He also produced custom furniture for his projects. “I am an architect,” Soro declares. “My generation never used the word designer. We would use our pencils and go to craftsmen with our ideas. They were created in that moment.”
Launched in 2014, Soro’s Collage collection embodies his modernist principles, paring down classical forms into timeless silhouettes and using contemporary processes to transform common materials. His Jump stool, for instance, features circular seats made of stacked sheets of Corian molded to accommodate the sitter’s legs.
Widely published in international design magazines, Soros’s Tanit chair is a masterful geometric structure, referencing ladder backs and woven seats with aluminum stripes and grids, that is lightweight yet uncompromisingly sturdy. The versatile composition allows for customization, with natural, beige and black versions, as well as a fluorescent yellow and a red and blue one, which evokes the stars and stripes of the American flag. For added comfort and style, the Tanit Soft chair comes with a channel-quilted cover in velvet or linen.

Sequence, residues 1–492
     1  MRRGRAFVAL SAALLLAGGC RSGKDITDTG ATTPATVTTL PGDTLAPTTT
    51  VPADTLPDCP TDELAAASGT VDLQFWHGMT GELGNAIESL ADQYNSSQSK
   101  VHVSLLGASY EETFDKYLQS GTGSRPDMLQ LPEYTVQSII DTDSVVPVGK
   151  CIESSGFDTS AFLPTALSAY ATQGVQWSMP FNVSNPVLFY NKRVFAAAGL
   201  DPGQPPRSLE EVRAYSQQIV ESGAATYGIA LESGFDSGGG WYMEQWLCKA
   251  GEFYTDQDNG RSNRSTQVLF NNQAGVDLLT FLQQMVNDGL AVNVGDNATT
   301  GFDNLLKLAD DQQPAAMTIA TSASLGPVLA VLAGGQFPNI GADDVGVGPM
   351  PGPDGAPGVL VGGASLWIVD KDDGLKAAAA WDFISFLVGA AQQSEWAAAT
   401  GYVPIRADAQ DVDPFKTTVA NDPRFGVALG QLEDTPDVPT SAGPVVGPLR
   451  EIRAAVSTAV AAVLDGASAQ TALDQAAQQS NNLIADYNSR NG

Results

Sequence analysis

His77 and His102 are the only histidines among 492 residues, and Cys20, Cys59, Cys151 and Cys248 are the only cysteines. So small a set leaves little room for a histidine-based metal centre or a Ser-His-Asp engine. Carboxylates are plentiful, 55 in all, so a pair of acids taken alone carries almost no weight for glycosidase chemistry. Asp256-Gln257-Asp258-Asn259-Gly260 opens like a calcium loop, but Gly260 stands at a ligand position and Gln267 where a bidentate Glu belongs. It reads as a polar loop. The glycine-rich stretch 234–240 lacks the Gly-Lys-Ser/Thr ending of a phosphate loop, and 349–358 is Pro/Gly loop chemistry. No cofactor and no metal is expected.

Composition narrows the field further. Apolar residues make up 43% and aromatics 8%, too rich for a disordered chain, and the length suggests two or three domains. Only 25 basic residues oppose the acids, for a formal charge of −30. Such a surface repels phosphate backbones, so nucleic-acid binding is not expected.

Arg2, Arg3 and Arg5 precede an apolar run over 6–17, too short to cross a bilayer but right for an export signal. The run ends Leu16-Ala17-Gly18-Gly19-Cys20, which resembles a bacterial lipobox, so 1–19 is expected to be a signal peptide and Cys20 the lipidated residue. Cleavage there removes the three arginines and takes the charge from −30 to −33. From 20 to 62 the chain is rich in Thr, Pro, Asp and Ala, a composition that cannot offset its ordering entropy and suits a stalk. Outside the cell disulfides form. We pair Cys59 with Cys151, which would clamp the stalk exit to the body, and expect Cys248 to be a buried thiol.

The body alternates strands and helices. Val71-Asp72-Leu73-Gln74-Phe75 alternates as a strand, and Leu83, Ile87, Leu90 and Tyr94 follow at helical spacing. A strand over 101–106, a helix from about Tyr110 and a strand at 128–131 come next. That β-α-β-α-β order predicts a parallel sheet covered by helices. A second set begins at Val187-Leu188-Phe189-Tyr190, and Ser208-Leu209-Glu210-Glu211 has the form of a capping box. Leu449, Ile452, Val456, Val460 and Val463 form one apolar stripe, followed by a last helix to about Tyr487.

Collage has also given Soro the opportunity to revisit and refine earlier creations. His latest edition of the glass-topped Jonathan table, first designed in 1978, includes a Mondrian version in which the three metal rectangles that form the base are epoxy coated in yellow, red and blue. He has also updated the 1992 Violet chair — a Jean Royère–esque construction sporting a ribbon-like frame that, he says, “recalls the sinuous, rounded shapes of a woman” — with velvet upholstery and a backrest that adjusts for comfort.
Soro motions for me to try it. In contrast to the Tanit chair, which supports an attentive upright posture suitable for dining or work, the Violet is a seat for languid repose. I sink into it and mimic kicking off my shoes. “Bravo!” Soro says, waving his hands with a flourish. “Amore. Love of materials, love of good taste, the chair you are sitting in. This is what makes a house a home.”